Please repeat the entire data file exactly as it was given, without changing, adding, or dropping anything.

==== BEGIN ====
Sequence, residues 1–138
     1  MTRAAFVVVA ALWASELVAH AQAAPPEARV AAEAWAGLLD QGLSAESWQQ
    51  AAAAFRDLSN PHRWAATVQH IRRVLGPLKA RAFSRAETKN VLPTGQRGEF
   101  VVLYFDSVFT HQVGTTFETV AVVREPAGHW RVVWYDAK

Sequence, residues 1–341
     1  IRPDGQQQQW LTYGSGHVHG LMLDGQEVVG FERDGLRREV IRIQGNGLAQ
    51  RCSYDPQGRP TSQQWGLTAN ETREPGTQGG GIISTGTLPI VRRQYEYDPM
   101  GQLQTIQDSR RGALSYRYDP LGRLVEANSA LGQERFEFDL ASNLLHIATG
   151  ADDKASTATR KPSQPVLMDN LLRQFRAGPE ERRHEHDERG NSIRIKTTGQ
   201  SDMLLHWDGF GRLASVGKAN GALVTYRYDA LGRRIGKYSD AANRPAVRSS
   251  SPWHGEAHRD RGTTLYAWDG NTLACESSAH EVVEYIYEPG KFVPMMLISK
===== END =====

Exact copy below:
Sequence, residues 1–138
     1  MTRAAFVVVA ALWASELVAH AQAAPPEARV AAEAWAGLLD QGLSAESWQQ
    51  AAAAFRDLSN PHRWAATVQH IRRVLGPLKA RAFSRAETKN VLPTGQRGEF
   101  VVLYFDSVFT HQVGTTFETV AVVREPAGHW RVVWYDAK

Sequence, residues 1–341
     1  IRPDGQQQQW LTYGSGHVHG LMLDGQEVVG FERDGLRREV IRIQGNGLAQ
    51  RCSYDPQGRP TSQQWGLTAN ETREPGTQGG GIISTGTLPI VRRQYEYDPM
   101  GQLQTIQDSR RGALSYRYDP LGRLVEANSA LGQERFEFDL ASNLLHIATG
   151  ADDKASTATR KPSQPVLMDN LLRQFRAGPE ERRHEHDERG NSIRIKTTGQ
   201  SDMLLHWDGF GRLASVGKAN GALVTYRYDA LGRRIGKYSD AANRPAVRSS
   251  SPWHGEAHRD RGTTLYAWDG NTLACESSAH EVVEYIYEPG KFVPMMLISK